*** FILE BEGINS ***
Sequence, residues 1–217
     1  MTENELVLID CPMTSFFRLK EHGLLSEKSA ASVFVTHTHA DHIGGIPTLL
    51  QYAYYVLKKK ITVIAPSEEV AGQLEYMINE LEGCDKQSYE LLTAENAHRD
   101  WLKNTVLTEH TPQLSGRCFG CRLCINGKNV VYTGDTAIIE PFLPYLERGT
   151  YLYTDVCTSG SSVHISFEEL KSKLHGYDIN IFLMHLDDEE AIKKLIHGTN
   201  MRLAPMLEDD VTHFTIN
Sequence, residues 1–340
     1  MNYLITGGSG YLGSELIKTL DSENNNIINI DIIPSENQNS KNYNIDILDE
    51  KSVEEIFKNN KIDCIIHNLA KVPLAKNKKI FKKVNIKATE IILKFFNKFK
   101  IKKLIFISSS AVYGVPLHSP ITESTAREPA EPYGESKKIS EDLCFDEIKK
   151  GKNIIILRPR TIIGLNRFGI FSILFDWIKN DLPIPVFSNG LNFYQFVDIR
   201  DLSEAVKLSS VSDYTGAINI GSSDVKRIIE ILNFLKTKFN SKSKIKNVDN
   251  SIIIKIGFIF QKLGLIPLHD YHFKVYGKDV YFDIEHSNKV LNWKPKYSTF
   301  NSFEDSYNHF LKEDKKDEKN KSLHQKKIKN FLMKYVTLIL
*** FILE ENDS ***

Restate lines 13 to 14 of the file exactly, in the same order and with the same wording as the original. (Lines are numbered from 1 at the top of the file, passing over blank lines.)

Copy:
   251  SIIIKIGFIF QKLGLIPLHD YHFKVYGKDV YFDIEHSNKV LNWKPKYSTF
   301  NSFEDSYNHF LKEDKKDEKN KSLHQKKIKN FLMKYVTLIL